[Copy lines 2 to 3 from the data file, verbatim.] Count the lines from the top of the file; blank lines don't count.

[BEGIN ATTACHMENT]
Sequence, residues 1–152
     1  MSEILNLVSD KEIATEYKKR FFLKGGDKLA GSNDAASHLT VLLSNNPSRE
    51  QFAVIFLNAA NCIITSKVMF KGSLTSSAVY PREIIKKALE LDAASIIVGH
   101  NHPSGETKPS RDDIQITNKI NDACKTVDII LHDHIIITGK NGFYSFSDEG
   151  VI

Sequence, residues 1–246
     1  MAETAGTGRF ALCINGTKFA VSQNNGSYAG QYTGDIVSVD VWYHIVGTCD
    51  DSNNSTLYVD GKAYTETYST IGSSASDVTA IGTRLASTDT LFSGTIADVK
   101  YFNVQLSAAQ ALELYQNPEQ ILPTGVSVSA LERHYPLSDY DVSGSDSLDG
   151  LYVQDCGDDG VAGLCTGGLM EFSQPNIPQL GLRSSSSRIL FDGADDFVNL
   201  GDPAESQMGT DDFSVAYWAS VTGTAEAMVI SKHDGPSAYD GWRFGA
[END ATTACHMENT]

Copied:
     1  MSEILNLVSD KEIATEYKKR FFLKGGDKLA GSNDAASHLT VLLSNNPSRE
    51  QFAVIFLNAA NCIITSKVMF KGSLTSSAVY PREIIKKALE LDAASIIVGH